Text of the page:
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The UC Residency Policy and Guidelines (the “Guidelines”) currently provide that students must be physically present within California for a year prior to the Residency Determination Date (RDD) and that absences of six weeks or more in a one-year period disqualify a student from receiving in-state status. In response to the COVID-19 pandemic, the Guidelines are hereby further amended in three ways.


First, to provide that a continuing student’s absence from the state for any length of time between March 9, 2020 and the Residency Determination Date for Fall 2020 at their campus shall not be counted toward the six week limit if the absence is caused by the COVID-19 pandemic. This means that students who temporarily left California in response to the pandemic remain eligible for in-state residency for the 2020-21 academic year so long as they meet all other applicable eligibility requirements.


Second, the Guidelines are further amended to provide that a student, who has been or may be granted in-state status based on Financial Independence, may accept or use financial resources from another individual between March 9, 2020 and the end of the 2019-20 academic year without loss of eligibility for in-state status if the transfer of resources is made in response to the COVID-19 pandemic.


Third, the enrollment in courses for the Fall, Winter, and Spring terms delivered via remote instruction during the 2020-21 academic year will serve as a replacement for physical presence if the following conditions are met: 1) the UC campus has extended the opportunity for remote instruction, and 2) the student may qualify for residency on their own without regard to a parent per Regents Policy 3105 I.C.2, or temporarily through a noncustodial California parent per Regents Policy 3105 I.D.4. Students meeting the above criteria will not need to acquire applicable legal indicia to prove their intent to stay in California by the deadlines in the Guidelines. However, UC expects students to acquire legal indicia as soon as is practicable. All students admitted and commencing enrollment after the end of the 2020-21 academic year will need to acquire applicable legal indicia by the applicable deadlines in the Guidelines.


No element of this temporary amendment applies to the requirements for physical presence and intent of parents who are part of the residency assessment for dependent students.

All Guidelines contrary to the provisions of this amendment, except those adopted by the Regents, shall be suspended to the extent of the conflict, during the period this amendment remains in force.  Further extensions of this policy will be considered if necessary to accommodate students whose circumstances are impacted by the COVID-19 emergency.  Please note this temporary amendment is not intended to contradict Regents Policy 3105. These amendments stand until such time as they are rescinded by the UC Provost.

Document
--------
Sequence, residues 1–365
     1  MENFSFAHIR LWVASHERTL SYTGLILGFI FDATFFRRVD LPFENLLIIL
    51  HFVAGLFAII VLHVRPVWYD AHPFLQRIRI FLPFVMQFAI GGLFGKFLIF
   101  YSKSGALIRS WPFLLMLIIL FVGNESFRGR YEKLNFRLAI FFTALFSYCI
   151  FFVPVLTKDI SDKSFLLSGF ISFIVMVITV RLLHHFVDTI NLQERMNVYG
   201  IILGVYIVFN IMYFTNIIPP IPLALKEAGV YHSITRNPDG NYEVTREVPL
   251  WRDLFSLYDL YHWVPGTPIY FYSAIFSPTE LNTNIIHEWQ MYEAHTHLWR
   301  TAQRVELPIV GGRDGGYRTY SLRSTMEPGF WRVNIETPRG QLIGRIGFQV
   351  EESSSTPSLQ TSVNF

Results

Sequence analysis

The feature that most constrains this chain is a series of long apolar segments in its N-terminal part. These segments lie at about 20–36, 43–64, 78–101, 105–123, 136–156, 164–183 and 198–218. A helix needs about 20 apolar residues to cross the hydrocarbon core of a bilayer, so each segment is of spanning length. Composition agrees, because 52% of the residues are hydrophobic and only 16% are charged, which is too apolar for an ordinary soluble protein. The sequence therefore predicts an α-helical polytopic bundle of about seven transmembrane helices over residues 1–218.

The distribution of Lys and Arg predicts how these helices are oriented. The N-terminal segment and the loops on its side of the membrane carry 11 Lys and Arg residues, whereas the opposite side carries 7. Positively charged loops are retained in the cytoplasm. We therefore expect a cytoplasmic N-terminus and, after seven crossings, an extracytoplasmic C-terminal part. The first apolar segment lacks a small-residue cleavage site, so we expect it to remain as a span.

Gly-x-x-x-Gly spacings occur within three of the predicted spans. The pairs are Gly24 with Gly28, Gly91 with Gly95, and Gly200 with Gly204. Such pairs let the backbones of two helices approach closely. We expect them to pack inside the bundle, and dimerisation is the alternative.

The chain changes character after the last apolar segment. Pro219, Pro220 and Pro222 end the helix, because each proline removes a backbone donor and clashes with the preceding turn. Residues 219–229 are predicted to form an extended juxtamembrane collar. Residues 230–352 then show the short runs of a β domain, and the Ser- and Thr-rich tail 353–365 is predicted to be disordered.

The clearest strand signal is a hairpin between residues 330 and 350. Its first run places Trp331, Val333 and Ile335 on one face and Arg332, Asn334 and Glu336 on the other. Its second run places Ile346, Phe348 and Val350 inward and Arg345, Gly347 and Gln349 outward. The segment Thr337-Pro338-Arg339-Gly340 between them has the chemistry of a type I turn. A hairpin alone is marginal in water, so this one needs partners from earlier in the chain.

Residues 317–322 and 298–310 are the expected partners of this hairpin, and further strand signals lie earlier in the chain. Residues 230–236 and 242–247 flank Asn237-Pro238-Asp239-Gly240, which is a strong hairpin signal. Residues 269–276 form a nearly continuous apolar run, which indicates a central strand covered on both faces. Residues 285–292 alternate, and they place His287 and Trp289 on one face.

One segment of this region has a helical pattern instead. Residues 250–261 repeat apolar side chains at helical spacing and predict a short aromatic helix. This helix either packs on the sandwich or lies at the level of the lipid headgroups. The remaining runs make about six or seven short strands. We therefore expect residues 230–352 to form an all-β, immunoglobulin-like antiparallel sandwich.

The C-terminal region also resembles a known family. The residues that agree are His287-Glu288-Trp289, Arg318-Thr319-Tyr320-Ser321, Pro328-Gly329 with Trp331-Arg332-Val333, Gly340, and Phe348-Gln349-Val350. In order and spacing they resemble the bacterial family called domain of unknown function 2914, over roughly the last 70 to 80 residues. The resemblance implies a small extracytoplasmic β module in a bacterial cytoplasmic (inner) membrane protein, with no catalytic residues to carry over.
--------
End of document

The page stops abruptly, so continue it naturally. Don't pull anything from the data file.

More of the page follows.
The University of California is a public university, and charges different tuition for in-state and out-of-state students.

This means that UC has to decide which level of tuition will be charged for each student. For many students — both in-state and out-of-state — this is simple. But for some students with more complex circumstances, this decision process can be more confusing. This site aims to clarify the UC Residence Policy and Guidelines (pdf) and provide context and guidance about the process.

students in a lecture hall

What is residency for purposes of tuition?

After you've been admitted, the University of California determines if you're a California resident for tuition purposes—that is, whether you qualify for resident or nonresident tuition.

The term “California resident for purposes of tuition” is different from other definitions of California residence. For example, a person who is a California resident for tax or voting purposes is not necessarily a resident for purposes of tuition at the University of California.

Undergraduate admissions offices also have a different definition of residence. For example, there are a number of questions about residency on the application for undergraduate admission. UC uses those answers to assess admissions requirements (since they're different for in-state and out-of-state students), but this information isn't used to determine residency for purposes of tuition.

Because the definition of residency varies between offices, information from the admissions office (or on your financial aid award letter) does not necessarily mean you are a resident for purposes of tuition.

Residency for purposes of tuition is decided by your campus residence deputy (or the Office of General Counsel, on appeal). Learn more about the process of filing your Statement of Legal Residence (SLR).

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